Global Food, Health, and Society

A Colby Community Website for ST297, Fall 2018

Author: Maria Armillei

Real Bad FAD’s: Obesity, Food Insecurity, and Our Food System

Supermarket Shelves

Doesn’t it feel as though every time we walk into a grocery store, we are susceptible to purchasing the myriad concoctions the food industry develops that line the shelves, such as Coca Cola Zero and Twinkies? Isn’t it also the case that these types of food may be somewhat less expensive than the healthier options we seek? Does that mean that we should be buying white bread instead of wheat bread and soda in place of water?

In this way, my goal here is to discuss some of the most prominent and visible effects of our food system–namely, obesity and food insecurity, which are two concepts that undeniably have widespread impacts across the country. I will attempt to underscore the important conversation surrounding this complex, dynamic relationship and attempt to unravel the somewhat antithetical interconnectedness that the two possess, in order to assess and compare the two concepts within the parameters of our food system.


Why do some regions in the United States have incredibly high rates of obesity at the same time that there is a growing number of food-insecure people in those regions? How does obesity, defined by the CDC as having a body mass index (BMI) of 30.0 or higher,relate to food insecurity, which is defined by the USDA to be “a lack of consistent access to enough food for an active, healthy life?” Some suggestthat food insecurity is a consequence of insufficient financial resources in the household, thus inhibiting those without adequate financial means from purchasing substantial, nutritious, and healthful foods to sustain their lives. In this way, the relationship between obesity and food insecurity is ultimately complex.

These maps illustrate obesity as a percent prevalence among males in 2001 (top) versus in 2011 (bottom). These data provide an example on just how drastically obesity rates have increased within the last several decades (IHME).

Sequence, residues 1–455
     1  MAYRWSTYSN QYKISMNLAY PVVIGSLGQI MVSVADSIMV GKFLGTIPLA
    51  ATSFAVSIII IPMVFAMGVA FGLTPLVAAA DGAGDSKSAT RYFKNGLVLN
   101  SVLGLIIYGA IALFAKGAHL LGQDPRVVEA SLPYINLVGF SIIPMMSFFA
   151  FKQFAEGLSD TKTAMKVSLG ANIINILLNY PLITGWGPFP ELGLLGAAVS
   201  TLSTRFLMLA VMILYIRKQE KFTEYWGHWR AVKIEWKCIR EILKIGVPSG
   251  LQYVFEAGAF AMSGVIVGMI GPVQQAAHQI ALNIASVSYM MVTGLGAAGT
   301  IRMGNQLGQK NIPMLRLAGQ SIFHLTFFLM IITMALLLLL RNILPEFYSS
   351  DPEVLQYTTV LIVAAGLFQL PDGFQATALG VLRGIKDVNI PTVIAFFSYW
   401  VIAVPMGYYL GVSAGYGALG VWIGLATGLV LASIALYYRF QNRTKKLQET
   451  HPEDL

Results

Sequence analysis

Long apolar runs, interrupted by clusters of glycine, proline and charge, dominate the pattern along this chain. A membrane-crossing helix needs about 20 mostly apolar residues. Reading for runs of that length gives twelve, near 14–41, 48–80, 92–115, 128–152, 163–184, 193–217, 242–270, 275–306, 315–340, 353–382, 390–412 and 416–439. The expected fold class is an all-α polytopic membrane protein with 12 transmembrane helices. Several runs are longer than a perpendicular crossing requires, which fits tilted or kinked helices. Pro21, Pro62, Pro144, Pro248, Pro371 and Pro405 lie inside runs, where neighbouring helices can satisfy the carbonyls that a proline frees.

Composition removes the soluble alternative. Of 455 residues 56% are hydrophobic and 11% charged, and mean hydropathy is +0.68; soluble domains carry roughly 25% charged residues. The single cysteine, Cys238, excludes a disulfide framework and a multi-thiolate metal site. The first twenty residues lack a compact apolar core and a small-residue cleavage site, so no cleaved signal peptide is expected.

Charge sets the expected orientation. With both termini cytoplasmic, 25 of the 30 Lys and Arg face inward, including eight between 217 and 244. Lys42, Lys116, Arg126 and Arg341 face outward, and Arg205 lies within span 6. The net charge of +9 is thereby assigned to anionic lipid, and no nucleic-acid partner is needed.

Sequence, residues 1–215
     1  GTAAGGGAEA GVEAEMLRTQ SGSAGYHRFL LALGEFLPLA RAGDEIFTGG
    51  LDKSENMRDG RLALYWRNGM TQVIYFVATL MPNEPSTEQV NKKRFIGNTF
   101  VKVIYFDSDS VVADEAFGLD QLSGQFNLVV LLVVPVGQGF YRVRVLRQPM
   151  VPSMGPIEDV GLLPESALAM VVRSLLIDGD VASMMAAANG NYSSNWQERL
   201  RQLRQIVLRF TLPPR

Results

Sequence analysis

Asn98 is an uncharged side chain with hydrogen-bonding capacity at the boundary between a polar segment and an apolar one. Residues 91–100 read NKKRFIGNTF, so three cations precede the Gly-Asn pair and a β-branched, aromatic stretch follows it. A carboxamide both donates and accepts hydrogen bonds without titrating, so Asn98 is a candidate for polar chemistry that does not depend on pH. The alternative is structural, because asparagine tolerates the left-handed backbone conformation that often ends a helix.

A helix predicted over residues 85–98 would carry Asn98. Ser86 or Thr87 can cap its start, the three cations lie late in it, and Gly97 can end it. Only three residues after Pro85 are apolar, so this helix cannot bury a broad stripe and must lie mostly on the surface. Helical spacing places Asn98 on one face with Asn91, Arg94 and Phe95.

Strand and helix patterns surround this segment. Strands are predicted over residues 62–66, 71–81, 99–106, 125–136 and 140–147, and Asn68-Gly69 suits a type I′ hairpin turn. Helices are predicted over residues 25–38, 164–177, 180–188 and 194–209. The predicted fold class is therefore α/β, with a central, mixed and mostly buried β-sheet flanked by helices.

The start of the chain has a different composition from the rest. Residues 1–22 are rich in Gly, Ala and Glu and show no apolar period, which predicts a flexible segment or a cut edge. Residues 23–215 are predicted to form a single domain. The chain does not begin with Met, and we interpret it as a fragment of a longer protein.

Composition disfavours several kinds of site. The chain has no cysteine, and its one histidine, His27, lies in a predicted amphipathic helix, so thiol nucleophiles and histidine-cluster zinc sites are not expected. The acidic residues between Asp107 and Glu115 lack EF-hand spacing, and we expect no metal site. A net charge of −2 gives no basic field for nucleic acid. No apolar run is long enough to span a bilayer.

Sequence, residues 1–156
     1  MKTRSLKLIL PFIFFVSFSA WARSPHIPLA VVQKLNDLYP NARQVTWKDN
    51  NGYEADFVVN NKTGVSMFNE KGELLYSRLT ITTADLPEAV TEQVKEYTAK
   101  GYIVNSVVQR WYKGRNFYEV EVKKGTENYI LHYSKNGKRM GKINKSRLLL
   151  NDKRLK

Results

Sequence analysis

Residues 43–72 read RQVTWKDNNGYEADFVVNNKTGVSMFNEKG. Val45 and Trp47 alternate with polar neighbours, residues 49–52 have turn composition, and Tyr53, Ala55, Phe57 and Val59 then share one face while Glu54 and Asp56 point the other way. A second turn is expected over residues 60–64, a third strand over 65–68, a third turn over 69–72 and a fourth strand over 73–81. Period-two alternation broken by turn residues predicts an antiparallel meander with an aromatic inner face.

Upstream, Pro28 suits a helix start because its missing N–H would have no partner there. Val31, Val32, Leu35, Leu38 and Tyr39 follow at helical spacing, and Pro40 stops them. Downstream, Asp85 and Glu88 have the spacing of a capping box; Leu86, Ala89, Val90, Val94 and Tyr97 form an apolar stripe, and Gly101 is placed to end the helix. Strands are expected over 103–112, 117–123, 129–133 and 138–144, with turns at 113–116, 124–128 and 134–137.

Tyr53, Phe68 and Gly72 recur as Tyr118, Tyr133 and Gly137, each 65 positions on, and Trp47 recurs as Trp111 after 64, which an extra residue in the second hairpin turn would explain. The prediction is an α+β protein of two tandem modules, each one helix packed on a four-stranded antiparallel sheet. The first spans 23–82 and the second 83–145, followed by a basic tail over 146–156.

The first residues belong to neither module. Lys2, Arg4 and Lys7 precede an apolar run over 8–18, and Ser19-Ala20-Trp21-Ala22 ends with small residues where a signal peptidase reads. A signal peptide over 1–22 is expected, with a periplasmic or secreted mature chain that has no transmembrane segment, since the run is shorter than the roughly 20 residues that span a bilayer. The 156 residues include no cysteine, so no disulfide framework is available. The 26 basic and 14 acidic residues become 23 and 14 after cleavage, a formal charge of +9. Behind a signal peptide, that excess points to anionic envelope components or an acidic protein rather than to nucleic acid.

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Industrial Eating and the Problem of Too Much of the Same Thing

Food for Thought: Tracing Our Food

Sometimes I think it’s important for us to sit back for a moment and think about where our food comes from. For instance, it’s interesting when we think about how we always have the same variety of produce, and all the same types of snack food, meat, and dairy products at each corner you turn in the supermarket, regardless of what time of the year it is. Besides seasonal produce and holiday food items, most everything we buy always looks the same and is grown or manufactured in the same place.

We are Industrial Eaters

With this in mind, most of us usually tend to disregard how our burger at McDonald’s got from “farm” to plate, and we don’t pause to think about how that same burger could have once, in its raw beginnings, shared a corn field in Iowa with the cup of soda we’re drinking, or with the soft-serve ice cream we’re about to have for dessert, or even with the bowl of cereal we had for breakfast. But are we okay with that? Are we okay with being unknowing, susceptible, industrial eaters?

On my flight to San Diego last December, I remember flying for a long time over seemingly endless acres of land perfectly square sections of land. Here’s a view out of the window of the plane as we flew over acres of farmland, somewhere in the Midwest.


In this way, I argue that we should, in the least, be observant of what we eat, in order to contribute to a healthy society. My intent is to thus illustrate that much of the food available to us is industrially made, manufactured, and processed. By exploring the effects of the Green Revolution, in terms of industrialized agriculture, I will use the concept of “industrial eaters” introduced in Michael Pollan’s The Omnivore’s Dilemma to extend my argument to an assessment of the current food culture here in the United States.


Are we okay with being unknowing, susceptible, industrial eaters?

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